Reed can get away with saying these things because, in his mind, the defense is "the big brother of the team" — and there are times when a big brother must speak up. There also comes a time when a little brother needs to grow up — and for Flacco and the offense, that time is at hand.
After the Houston game, Lewis and coach John Harbaugh stuck up for their quarterback, perhaps sensing he might be getting down on himself. Harbaugh said Flacco did "a great job under fire" (read: zero turnovers, though he had a fumble that was recovered by one of his offensive linemen). And Lewis said, "I told Joe, 'No one wins games by themselves. We are in this as a family; we are in this as a team.' ... Joe has come in and led us to the playoffs in each of the last four years. If that was anybody else, they would be praising him. Joe Flacco has done a heck of a job getting us into the position to win."
Against the Texans, though, it was the defense and special teams that mostly got the Ravens in a position to win, setting up both Baltimore touchdowns with takeaways at the Houston 2 (muffed punt) and 34 (interception). Flacco, for his part, completed 14 of 27 passes for a modest 176 yards and two scores.
He's an interesting case study, you have to admit. On the plus side, he has won five playoff games in his first four seasons — at least one each year. No other quarterback in his draft class, beginning with Atlanta's Matt Ryan at No. 3 — has won even one. (Flacco, you may recall, went 15 picks after Ryan.)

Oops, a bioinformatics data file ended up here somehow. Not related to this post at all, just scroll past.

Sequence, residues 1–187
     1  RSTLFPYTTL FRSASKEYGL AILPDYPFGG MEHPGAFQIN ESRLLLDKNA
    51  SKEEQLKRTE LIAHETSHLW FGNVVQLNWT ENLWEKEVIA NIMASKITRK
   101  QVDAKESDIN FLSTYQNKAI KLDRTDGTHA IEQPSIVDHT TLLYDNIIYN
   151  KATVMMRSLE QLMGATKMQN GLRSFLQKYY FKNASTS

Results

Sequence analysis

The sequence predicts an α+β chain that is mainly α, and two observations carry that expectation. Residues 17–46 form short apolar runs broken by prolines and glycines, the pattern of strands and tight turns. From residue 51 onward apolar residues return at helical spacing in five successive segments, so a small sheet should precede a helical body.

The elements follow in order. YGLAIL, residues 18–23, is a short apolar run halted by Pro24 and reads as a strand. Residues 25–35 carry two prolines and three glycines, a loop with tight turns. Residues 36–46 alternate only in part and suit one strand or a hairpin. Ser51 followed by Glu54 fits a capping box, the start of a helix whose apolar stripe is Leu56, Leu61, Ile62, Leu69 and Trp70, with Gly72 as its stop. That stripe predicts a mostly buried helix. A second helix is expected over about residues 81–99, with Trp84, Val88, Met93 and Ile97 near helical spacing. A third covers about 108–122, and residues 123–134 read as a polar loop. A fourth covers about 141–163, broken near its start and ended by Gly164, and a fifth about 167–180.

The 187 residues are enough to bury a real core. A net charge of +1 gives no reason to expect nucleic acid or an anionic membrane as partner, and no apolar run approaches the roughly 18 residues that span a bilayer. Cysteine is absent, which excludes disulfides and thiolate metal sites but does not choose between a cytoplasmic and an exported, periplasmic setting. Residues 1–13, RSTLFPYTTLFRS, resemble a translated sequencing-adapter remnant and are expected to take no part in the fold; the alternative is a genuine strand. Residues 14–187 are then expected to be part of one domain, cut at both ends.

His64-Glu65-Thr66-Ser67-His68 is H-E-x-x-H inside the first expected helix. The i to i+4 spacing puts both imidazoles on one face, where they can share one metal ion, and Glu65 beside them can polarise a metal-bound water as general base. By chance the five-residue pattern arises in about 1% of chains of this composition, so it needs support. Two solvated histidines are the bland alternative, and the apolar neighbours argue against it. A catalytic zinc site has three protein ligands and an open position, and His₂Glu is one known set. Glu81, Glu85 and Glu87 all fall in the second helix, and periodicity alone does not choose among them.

On the other hand, it might be more accurate to say he was the quarterback of record in five playoff victories. When the Ravens whomped the Patriots 33-14 two years ago, for instance, they ran it 52 times and threw it 10. Flacco's passer rating that afternoon: 10. His career postseason rating: 66.2.
Granted, he's better than Trent Dilfer, who rode one of the greatest defenses in history to the 2000 title. And granted, his supporting cast, outside of Ray Rice and wily Anquan Boldin, is fairly pedestrian. But there's nothing about Flacco — save his 6-foot-6 height — that really stands out. How many quarterbacks, with Lewis and Co. behind them, could be doing what he's doing?
So that's where he is as Sunday approaches — a little brother trying to become a big brother, with the biological clocks of Lewis and Reed ticking ever louder. The Patriots, the team of the millennium (so far), are on the docket, and Joe Flacco has to play the best game he's ever played. That's all.
© Copyright 2014 The Washington Times, LLC. Click here for reprint permission.
About the Author
Dan Daly has been writing about sports for the Washington Times since 1982. He has won numerous national and local awards, appears regularly in NFL Films’ historical features and is the co-author of “The Pro Football Chronicle,” a decade-by-decade history of the game. Follow Dan on Twitter at @dandalyonsports –- or e-mail him at firstname.lastname@example.org.